Jenn said it was an “amazing and humbling experience” to stand beside other Spirit Award winners who had overcome various obstacles and life-changing experiences to be a part of the 2015 race.

About a half mile from the finish line, her heart rate spiked, but Jenn was able to cross the finish line and she said it was one of the most fulfilling and memorable races she ever completed.

“My husband and I made it a point to high-five every patient champion and to really take in the course, crowds, volunteers and bands who make the race so amazing and he will be walking the half for me this year,” Jenn said. She continues to keep fitness a priority and walks two to three miles a few times each week.

Do you know someone who has overcome major obstacles to train for the Nationwide Children’s Hospital Columbus Marathon or 1/2 Marathon on Oct. 16? Please submit a nomination to Sarah Irvin Clark at Sarah@IrvinPR.com by Friday, Sept. 2. Check here for more details.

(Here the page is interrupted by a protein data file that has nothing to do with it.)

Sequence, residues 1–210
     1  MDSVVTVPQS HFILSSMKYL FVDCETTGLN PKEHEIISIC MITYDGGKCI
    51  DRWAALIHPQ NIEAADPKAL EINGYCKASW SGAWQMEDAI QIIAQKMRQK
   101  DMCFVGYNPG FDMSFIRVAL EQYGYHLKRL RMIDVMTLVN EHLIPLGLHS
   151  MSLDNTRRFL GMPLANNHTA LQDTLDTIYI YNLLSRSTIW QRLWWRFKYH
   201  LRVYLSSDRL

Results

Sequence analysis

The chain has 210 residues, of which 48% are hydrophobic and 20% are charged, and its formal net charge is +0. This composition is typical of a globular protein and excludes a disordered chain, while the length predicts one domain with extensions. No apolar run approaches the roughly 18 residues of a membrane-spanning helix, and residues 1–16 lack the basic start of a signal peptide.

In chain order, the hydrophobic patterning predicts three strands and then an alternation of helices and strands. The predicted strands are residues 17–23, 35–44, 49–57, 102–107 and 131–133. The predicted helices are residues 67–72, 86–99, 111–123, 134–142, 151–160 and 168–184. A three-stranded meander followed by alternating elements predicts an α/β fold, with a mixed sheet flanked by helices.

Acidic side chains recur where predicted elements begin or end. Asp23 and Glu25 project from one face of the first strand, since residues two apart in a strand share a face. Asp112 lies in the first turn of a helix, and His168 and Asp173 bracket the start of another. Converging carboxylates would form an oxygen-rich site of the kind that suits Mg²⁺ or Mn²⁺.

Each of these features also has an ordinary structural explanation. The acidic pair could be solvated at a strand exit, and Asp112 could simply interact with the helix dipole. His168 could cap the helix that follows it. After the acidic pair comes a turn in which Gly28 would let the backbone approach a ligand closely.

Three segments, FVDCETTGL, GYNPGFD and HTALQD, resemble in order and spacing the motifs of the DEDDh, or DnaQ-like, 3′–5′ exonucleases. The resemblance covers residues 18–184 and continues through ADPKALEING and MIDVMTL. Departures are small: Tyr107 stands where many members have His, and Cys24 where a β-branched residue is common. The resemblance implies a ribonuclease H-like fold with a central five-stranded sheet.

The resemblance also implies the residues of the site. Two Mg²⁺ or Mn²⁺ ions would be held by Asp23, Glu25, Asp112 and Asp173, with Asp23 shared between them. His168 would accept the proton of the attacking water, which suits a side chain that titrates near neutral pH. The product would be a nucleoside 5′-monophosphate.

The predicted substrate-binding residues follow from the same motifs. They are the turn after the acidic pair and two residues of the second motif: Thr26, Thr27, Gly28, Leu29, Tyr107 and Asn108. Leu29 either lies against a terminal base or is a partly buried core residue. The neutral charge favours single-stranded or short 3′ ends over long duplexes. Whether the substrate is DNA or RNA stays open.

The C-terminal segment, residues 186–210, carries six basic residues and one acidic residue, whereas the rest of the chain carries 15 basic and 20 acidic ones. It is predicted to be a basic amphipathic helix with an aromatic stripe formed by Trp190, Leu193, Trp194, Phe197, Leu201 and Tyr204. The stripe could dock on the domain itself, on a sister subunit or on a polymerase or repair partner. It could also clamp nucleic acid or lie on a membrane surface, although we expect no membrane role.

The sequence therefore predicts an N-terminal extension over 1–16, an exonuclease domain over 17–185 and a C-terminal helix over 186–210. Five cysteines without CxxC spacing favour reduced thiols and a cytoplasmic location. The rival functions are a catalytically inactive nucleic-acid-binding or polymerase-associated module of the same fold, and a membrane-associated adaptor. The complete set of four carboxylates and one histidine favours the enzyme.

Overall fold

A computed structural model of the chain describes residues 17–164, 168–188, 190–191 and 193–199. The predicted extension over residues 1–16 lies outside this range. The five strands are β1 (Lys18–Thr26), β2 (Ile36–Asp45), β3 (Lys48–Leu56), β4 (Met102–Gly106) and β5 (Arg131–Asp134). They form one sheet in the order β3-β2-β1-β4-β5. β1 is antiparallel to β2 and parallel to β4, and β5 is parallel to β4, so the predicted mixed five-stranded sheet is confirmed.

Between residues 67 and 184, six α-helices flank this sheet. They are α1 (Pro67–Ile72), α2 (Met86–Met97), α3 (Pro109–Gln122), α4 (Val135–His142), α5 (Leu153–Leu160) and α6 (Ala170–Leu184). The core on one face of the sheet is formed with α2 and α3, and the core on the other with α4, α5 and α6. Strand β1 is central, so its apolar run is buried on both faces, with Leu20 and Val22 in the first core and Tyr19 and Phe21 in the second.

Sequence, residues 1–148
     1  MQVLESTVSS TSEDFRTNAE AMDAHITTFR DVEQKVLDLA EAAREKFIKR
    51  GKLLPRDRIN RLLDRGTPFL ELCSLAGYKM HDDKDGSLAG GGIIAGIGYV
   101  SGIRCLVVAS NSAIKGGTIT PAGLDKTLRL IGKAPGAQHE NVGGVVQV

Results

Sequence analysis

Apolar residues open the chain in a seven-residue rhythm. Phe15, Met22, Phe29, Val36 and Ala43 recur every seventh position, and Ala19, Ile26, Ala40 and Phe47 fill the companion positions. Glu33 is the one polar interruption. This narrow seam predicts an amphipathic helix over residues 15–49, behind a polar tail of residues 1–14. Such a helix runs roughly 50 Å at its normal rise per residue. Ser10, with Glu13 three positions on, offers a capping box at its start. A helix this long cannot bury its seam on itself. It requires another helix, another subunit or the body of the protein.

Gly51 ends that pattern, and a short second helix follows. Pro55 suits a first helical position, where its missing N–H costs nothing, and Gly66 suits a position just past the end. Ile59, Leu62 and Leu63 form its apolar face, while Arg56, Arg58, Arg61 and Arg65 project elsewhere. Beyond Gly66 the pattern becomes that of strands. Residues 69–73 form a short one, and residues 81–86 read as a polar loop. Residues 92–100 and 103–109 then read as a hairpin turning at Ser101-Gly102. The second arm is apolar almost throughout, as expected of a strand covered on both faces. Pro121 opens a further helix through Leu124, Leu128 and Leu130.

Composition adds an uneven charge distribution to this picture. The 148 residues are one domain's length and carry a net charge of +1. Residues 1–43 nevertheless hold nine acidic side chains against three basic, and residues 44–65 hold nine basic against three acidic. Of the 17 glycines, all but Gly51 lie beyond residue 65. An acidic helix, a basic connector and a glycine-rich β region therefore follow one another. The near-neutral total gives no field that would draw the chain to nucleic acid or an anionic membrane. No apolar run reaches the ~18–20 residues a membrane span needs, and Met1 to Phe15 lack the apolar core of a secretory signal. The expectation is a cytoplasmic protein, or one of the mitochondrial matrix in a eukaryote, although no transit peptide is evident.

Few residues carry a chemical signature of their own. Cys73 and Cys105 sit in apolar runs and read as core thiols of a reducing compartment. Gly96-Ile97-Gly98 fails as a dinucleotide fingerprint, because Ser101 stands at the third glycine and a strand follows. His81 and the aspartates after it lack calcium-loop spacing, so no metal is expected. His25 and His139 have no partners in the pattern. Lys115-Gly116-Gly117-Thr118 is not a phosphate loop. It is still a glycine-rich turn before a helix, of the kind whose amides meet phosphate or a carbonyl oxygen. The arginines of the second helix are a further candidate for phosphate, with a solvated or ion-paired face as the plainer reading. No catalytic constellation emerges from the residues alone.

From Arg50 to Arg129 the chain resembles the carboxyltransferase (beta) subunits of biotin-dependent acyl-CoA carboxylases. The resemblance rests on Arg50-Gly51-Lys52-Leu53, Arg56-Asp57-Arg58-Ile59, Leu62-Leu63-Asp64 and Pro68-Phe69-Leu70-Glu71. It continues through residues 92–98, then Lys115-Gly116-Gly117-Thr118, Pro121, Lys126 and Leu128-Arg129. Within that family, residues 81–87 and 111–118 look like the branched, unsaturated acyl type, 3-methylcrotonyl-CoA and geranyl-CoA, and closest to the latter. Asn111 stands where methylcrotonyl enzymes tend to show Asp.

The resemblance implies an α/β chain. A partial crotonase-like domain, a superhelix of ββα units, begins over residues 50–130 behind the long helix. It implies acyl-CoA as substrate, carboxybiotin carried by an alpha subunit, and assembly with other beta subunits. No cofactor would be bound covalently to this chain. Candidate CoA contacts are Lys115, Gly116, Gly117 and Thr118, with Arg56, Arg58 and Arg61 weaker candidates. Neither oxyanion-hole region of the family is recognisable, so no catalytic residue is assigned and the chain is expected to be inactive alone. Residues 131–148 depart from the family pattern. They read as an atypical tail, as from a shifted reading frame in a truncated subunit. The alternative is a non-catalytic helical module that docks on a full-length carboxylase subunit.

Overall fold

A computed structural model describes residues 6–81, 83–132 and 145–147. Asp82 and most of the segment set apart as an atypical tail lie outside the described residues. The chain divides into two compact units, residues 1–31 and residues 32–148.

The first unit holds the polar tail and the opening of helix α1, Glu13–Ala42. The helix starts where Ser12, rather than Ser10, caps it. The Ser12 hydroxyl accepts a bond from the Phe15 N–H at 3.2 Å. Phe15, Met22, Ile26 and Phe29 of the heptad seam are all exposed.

An Afternoon With Race Director Darris Blackford

IMG_4119Confession: I might have been a little star struck. OK maybe VERY star struck. But it isn’t every day that you are given the chance to chat with the Race Director of the Columbus Marathon and I had been given that chance.

After my last blog I had this idea that it would be cool to get to know Darris Blackford a little bit better. I’ve run Columbus numerous times, but really knew little about the man running the event. As a runner from the back of the pack, I was curious to see if I could relate to him. I have often wondered if race directors notice the folks in the middle and back of a race. I could not have been more surprised.